2008–2009

 

2009

 

A/Brisbane/59/2007 (H1N1)-likea

1

A/Brisbane/59/2007 (H1N1)-likea

1

A/Brisbane/10/2007 (H3N2)-like

9

A/Brisbane/10/2007 (H3N2)-like

9

B/Florida/4/2006-like

0.18

B/Florida/4/2006-like

0.18

Total Matching

10.18

Total Matching

10.18

aA(H1N1) pdm09 was the H1N1 circulating virus for 2009

 

2009–2010

 

2010

 

A/Brisbane/59/2007 (H1N1)-like

0

A/California/7/2009 (H1N1)-likea

29

A/Brisbane/10/2007 (H3N2)-like

0

A/Perth/16/2009 (H3N2)-like

0

B/Brisbane/60/2008-like virus

37

B/Brisbane/60/2008-like

37

Total Matching

37

Total Matching

66

aA/California/7/2009 (H1N1)-like is antigenically similar to A(H1N1) pdm09 which is a circulating virus

2010 - 2011

 

2011

 

A/California/7/2009 (H1N1)-like

53

A/California/7/2009 (H1N1)-like

53

A/Perth/16/2009 (H3N2)-like

4

A/Perth/16/2009 (H3N2)-like

4

B/Brisbane/60/2008-likea

6

B/Brisbane/60/2008-like

6

Total Matching

63

Total Matching

63

aB/Malaysia/2506/2004-like (Victoria lineage) another circulating strain is antigenically similar to B/Brisbane/60/2008-like

Discussion

In this study we have established the seasonal and alert thresholds, and average epidemic curve based on 5 years of influenza surveillance data using the method described in the WHO surveillance manual [1], described the seasonality of influenza in the Philippines, and presented the influenza strains circulating in the country from 2006 to 2011. While influenza viruses were detected year-round, increased activity was seen from June to November. We used the established thresholds and epidemic curve to assess the influenza season for 2012, its onset and end, and its severity in relation to these thresholds. We also showed that intensity of influenza activity was different for each year, and that different strains of influenza viruses circulated every year. Analysis of influenza activity using weekly detections showed more than one peak of activity within the influenza season from June to November of each year. Different dominant strains were associated with each peak. Two influenza B lineages circulated for five out of six surveillance years. Circulating strains matched the Southern Hemisphere vaccine more often than Northern Hemisphere vaccine strains.

The WHO surveillance manual has emphasized the need for standardized tools to establish thresholds and epidemic curves that could be used to compare influenza season between countries, and to assess the severity of the current season in a country to previous seasons of that same country. The method recommended in the manual [1] is relatively simple and uses software, which is readily available, and can be implemented by NICs as long as five or more years of influenza surveillance data are available. Knowing the usual baseline level of disease and the seasonal pattern as a point of reference aids in determining whether the current season is atypical both in timing and relative severity compared to previous ones. This information can help improve the accuracy of clinical diagnosis, appropriate use of antiviral medication, and the uptake and timeliness of seasonal influenza vaccines. As of this writing, we have not seen studies in Southeast Asia reporting established alert and seasonal thresholds or epidemic curves using the WHO surveillance manual. Although there is one publication from Thailand wherein Early Aberration Reporting System (EARS) and Cumulative sum (CUSUM) were used, calculations were only for ILI [22]. Routine influenza weekly monitoring reports from surveillance activities in Asia included ILI and influenza strains but compared these to historical influenza activity [23]. We have not been able to obtain information from countries in Asia on the use of the WHO method or moving epidemic method (MEM) to establish influenza seasonal thresholds or epidemic curves. At this point in time, there are already many countries in Asia, which have more than 5 years of surveillance data. The WHO method for calculating thresholds and epidemic curves could very well be applied in these countries.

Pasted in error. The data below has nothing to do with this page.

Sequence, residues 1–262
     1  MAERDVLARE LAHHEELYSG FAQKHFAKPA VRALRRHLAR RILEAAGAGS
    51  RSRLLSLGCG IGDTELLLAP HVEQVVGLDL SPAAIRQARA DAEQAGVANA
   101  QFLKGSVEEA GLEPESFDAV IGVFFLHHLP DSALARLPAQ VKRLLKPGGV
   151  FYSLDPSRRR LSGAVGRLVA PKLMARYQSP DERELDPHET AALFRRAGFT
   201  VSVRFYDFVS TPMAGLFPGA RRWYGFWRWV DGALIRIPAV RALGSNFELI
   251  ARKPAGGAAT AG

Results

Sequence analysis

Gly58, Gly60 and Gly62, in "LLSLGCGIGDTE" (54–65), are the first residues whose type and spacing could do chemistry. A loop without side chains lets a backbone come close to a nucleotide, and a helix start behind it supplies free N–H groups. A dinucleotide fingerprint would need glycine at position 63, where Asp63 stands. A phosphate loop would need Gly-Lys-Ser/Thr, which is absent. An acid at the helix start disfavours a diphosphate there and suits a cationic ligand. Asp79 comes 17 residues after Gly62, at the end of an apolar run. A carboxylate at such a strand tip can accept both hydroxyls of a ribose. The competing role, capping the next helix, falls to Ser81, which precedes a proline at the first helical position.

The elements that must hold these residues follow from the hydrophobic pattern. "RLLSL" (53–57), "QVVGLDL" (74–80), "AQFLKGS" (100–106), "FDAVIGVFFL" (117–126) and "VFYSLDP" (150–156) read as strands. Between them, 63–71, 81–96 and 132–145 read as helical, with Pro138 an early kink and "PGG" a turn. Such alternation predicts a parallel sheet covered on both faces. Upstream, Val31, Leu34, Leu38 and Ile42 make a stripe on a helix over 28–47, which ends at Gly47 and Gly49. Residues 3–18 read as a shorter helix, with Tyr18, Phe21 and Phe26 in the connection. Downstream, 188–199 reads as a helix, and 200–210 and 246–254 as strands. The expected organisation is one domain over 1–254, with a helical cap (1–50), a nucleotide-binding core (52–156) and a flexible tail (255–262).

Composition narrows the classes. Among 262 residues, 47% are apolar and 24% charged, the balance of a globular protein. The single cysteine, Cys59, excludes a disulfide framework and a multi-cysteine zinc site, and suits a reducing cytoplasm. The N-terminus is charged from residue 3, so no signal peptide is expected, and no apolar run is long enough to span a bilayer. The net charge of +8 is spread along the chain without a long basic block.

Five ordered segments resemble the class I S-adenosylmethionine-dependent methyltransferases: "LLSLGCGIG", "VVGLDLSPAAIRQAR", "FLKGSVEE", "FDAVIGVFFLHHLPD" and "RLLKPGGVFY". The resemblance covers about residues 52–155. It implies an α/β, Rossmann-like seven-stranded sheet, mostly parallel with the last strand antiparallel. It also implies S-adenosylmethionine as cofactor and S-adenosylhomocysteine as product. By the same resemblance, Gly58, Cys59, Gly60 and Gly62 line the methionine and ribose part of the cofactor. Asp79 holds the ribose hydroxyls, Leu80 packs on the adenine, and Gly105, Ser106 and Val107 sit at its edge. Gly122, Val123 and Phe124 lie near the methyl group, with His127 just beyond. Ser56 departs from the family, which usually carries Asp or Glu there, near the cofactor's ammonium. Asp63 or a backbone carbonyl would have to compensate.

The Philippines, Bangladesh, Cambodia, India, the Lao People’s Democratic Republic, Thailand and Vietnam have similar influenza seasonality [5]. Seasonality has been associated not only with climatological but also latitudinal variations [5, 2426]. Influenza virus infection was found throughout the year in these countries, but more than 60% of influenza positivity rates were observed during the months of June to November [5]. The capital cities of these countries lie north of the equator (between 11.6 to 28.7° N). Thus, April to May is the most appropriate month for influenza vaccination for the Philippines and countries with similar seasonality [5]. In areas in India north of 30° N however, there was also increased influenza activity during winter, so that a separate vaccination timing has been recommended [5, 24, 25] for this country. In contrast, tropical countries in Asia below 11° N like Indonesia (Jakarta, 6.2° N), Malaysia (Kuala Lumpur, 3.2° N), and Singapore (1.3° N), influenza was found all throughout the year with no distinct influenza season [5]. Specific analysis on the association between influenza activity and climate variables has not been done in this study but June to November coincides with the rainy season in the Philippines similar to that of Cambodia [27], Myanmar [28], North Thailand [29], Bangladesh [5, 30], Lao [31], and some parts of India South of Srinagar [24, 25]. Factors other than the rainy season might also play a role for the increased influenza virus activity starting the month of June in the Philippines. Schools open in June for all levels in the Philippines, suggesting the effect of crowding on influenza transmission.